However, if the synoptics are correct and this was a meal taken at night as 14th becomes 15 Nissan as the Torah states, then Jesus cannot been executed and buried on 14 Nissan.

                      Nor can it be entirely ruled out that this execution did take place during the festival but after 15 Nissan. Given that the Sanhedrin could not meet during a holiday, Caiaphas may have questioned Jesus in private, realised the political nature of his actions and which were therefore outside his jurisdiction and handed him over to the governing authority.

                      Originally posted by tabibito View Post
                      I am not going to accept a bare assertion based on the flawed premise that only one rite for Passover was permitted.
                      Of course you are not because you cannot countenance the fact that these four gospel accounts do not harmonise. Hence your attempt to suggest that sacrifices took place as 13th becomes 14th Nissan which is the only way by which this synoptic Passover meal could have occurred.

                      Moreover, where is the attested evidence that Jews could slaughter a paschal lamb and celebrate Passover in the early hours of 14 Nissan as opposed to after dark at the end of 14 Nissan?

                      Originally posted by tabibito View Post
                      the ritual uncleanliness thus arising lasted only until the end of the day.
                      Read Numbers chapter 19 verse 11. "Those who touch the dead body of any human being shall be unclean seven days."

                      Originally posted by tabibito View Post
                      According to the Torah, the whole rite of Passover is to be conducted on the fourteenth.
                      The sacrifice is offered at twilight at the end of the day of 14 Nissan and the Passover follows the end of 14th. It is when, in the hours of darkness, the Lord passed over.

                      Originally posted by tabibito View Post
                      In the Torah, the fourteenth is not called the day of Preparation, as it is termed in the temple rite. In the Torah the fourteenth is not termed the first day of the feast of Unleavened bread, as it is in the temple rite. In the Torah, the fourteenth is termed the day of Passover,
                      The 14th is when the sacrifice is made. The Passover follows in the hours of darkness after that. The Torah makes that quite clear. The lamb is to be sacrificed at twilight on 14 Nissan, the blood smeared on lintels, and then after dark the meal is hastily eaten in the dark hours at the beginnng of 15th as Yahweh passed over in those hours of darkness. In Exodus the Jews are told to be ready to leave [shoes on, staffs, belts etc] .

                      Originally posted by tabibito View Post
                      and the fifteenth is termed the first day of unleavened bread.
                      Then do explain why all three synoptic authors refer to it being the Day of Unleavened Bread [Matthew and Mark refer to it as the First Day] upon which the disciples ask Jesus where he wants to celebrate Passover?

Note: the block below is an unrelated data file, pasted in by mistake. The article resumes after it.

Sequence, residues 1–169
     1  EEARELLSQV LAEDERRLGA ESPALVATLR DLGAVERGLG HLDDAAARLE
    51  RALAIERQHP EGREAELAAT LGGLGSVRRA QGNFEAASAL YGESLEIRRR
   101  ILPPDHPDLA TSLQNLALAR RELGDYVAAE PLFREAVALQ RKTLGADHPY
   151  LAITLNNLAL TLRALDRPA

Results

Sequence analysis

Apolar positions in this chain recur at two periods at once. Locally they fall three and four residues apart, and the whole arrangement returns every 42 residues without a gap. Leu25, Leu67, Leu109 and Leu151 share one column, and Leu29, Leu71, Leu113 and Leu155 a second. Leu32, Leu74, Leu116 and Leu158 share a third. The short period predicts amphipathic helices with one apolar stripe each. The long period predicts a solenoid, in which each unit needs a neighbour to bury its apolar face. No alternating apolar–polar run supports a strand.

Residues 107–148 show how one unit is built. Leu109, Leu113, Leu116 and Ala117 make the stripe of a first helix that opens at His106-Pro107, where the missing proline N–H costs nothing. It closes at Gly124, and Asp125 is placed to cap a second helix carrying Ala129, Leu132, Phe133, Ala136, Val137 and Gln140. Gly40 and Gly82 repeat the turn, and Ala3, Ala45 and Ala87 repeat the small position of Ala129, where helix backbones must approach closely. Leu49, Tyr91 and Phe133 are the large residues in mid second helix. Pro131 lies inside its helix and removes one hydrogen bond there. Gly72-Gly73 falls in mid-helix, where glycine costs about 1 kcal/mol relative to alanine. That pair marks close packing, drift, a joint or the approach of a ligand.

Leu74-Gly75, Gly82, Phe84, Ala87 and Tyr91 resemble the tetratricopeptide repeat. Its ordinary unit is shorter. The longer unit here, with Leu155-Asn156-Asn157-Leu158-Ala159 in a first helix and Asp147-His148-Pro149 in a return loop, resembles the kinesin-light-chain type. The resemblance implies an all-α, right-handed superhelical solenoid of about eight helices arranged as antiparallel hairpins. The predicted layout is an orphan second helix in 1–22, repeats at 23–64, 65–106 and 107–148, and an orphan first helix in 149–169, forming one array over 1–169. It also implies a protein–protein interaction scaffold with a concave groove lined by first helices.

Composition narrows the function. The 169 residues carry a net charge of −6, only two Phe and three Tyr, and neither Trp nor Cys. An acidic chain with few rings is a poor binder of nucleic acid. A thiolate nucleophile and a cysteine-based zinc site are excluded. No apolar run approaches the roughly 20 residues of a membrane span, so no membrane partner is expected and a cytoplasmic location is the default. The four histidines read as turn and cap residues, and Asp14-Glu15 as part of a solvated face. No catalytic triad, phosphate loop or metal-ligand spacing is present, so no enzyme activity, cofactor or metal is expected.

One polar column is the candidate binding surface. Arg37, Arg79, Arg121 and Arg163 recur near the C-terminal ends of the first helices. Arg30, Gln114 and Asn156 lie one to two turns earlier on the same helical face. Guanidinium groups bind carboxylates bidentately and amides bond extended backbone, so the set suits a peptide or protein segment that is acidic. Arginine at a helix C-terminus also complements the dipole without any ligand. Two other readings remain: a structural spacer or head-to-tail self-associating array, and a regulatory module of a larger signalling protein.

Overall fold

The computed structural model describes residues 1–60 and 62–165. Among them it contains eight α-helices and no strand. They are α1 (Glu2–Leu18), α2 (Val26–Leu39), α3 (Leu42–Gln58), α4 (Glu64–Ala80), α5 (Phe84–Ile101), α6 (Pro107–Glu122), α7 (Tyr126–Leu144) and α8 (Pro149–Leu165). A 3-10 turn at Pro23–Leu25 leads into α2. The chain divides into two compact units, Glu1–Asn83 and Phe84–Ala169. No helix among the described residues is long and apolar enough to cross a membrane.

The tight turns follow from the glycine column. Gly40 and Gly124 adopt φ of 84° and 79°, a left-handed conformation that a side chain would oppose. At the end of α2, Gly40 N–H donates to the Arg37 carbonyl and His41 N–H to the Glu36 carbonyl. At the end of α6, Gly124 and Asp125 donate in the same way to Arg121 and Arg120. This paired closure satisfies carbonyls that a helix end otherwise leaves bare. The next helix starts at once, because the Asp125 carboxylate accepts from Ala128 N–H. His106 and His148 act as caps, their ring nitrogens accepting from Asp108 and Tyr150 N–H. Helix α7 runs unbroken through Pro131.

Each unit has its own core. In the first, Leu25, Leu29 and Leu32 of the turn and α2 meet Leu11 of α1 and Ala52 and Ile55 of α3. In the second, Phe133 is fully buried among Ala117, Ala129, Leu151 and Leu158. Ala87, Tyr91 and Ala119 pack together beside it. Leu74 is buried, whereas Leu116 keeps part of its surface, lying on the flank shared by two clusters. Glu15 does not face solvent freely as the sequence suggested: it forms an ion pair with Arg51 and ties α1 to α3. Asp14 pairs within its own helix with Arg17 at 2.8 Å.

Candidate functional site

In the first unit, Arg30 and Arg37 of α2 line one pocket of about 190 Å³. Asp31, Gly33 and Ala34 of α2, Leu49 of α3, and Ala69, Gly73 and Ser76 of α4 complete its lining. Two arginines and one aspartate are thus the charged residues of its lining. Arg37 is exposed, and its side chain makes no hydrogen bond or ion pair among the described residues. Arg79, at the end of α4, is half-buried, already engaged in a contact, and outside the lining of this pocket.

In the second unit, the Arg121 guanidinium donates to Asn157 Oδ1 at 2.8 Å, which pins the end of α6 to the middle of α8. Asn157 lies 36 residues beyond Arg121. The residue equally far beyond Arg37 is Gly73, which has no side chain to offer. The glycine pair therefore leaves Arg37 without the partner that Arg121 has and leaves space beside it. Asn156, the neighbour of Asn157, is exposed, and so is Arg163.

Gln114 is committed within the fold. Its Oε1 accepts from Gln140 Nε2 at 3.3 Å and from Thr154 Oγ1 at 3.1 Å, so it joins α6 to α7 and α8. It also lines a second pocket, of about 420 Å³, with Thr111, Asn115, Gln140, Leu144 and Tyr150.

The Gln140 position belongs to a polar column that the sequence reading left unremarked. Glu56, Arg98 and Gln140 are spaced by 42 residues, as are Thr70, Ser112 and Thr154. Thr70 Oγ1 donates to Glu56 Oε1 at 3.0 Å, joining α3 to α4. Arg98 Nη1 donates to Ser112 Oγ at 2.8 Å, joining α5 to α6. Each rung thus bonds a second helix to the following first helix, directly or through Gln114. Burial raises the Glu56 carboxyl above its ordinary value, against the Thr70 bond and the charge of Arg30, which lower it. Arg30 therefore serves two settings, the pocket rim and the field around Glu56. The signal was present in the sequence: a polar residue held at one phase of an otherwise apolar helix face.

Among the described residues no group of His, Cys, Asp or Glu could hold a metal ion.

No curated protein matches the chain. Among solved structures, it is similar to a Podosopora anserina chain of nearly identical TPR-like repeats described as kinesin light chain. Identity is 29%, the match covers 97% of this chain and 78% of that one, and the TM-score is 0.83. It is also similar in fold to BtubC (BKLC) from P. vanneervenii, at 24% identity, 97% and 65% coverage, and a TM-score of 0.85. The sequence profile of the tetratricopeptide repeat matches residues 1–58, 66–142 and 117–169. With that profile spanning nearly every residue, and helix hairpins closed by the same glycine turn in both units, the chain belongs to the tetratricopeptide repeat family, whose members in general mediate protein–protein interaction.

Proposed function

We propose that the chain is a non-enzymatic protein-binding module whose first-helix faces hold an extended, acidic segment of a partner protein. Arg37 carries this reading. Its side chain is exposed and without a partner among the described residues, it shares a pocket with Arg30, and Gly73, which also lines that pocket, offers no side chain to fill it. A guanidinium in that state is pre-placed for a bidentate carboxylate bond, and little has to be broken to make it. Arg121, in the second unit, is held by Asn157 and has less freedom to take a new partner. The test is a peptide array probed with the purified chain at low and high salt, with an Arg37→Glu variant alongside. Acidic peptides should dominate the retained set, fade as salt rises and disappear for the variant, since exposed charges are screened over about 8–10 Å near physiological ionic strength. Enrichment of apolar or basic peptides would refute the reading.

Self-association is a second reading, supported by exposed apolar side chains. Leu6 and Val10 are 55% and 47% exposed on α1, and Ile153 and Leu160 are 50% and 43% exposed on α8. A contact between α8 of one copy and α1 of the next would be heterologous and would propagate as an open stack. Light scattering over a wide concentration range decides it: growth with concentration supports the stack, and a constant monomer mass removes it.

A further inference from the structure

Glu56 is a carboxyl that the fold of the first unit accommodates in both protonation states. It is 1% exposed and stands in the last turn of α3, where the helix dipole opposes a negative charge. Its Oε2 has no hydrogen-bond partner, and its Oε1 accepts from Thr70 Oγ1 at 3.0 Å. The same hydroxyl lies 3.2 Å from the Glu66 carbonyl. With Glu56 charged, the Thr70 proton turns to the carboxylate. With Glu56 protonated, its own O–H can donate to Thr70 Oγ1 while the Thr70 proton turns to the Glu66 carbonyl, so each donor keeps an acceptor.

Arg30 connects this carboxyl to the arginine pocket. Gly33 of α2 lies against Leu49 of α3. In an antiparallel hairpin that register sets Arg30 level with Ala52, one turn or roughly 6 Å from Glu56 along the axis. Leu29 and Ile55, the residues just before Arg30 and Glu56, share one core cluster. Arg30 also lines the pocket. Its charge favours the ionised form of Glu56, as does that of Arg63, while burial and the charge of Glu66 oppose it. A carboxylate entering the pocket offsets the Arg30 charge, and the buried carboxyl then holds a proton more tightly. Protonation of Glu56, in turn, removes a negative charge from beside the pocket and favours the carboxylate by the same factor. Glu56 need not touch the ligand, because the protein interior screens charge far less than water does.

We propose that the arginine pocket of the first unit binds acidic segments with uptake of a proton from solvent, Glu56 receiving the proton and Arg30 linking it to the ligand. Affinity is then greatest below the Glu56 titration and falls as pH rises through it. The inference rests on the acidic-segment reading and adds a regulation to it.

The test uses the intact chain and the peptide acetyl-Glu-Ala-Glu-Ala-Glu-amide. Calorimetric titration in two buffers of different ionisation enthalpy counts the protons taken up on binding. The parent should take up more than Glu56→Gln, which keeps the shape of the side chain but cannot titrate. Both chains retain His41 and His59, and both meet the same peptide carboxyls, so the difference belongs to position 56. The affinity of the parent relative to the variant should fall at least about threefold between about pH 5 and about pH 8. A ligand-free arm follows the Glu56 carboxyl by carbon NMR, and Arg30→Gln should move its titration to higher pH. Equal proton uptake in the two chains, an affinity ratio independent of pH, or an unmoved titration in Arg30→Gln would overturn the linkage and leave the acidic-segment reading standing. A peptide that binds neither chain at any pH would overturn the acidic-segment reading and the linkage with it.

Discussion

According to what you have just written this Passover meal which both Matthew and Mark later describe as taking place in the evening [ὀψίας] was going to be celebrated at the end of 15 Nissan. That would put the arrest and all that followed into the early hours and later in to the day of 16 Nissan.

                      Originally posted by tabibito View Post
                      Adherents of the temple rite did not have their meal on the night of the fourteenth - not everyone subscribed to the temple rite.
                      Precisely. Everyone took their meal at the end of 14 Nissan after dark fell.

                      Originally posted by tabibito View Post
                      Yes, it is: the whole rite of Passover must be conducted on the fourteenth of the first month,
                      No it is not. The lamb is sacrificed at twilight [i.e. towards the end of the 14th day] and the meal is eaten after dark, i.e. at the beginning of the next day [15 Nissan].

                      Originally posted by tabibito View Post
                      No argument. The Jews of the first century conducted the sacrifice in broad daylight, starting around 3pm, instead of at dusk.
                      That depends on when the sun was deemed to be starting set. As that link above notes, twilight has its own complicated aspects.

                      Originally posted by tabibito View Post
                      A time line for the meal being eaten after the fourteenth can't be shown.
                      Of course it cannot. Insofar as the synoptic accounts of this meal are concerned, either it was taken in the early hours of darkness on 14 Nissan in which case it was not a Passover meal, or else it was taken at the prescribed time at the end of the 14th day and after dark into the 15th. And that would completely refute the later chapters where the three synoptic writers have Jesus dying on the Day of Preparation [i.e. before 15 Nissan].

                      Originally posted by tabibito View Post
                      And the fifteenth is a Sabbath. No trials, no shopping for linen cloth (or anything else), no executions permitted.
                      I do not think a Jewish festival would have bothered the Roman authorities if three convicted provincial lowly humilores needed executing. However, if the nature of the offences was more serious than those with which we are presented in the four gospels, then a summary execution following interrogation would most probably have gone ahead within hours.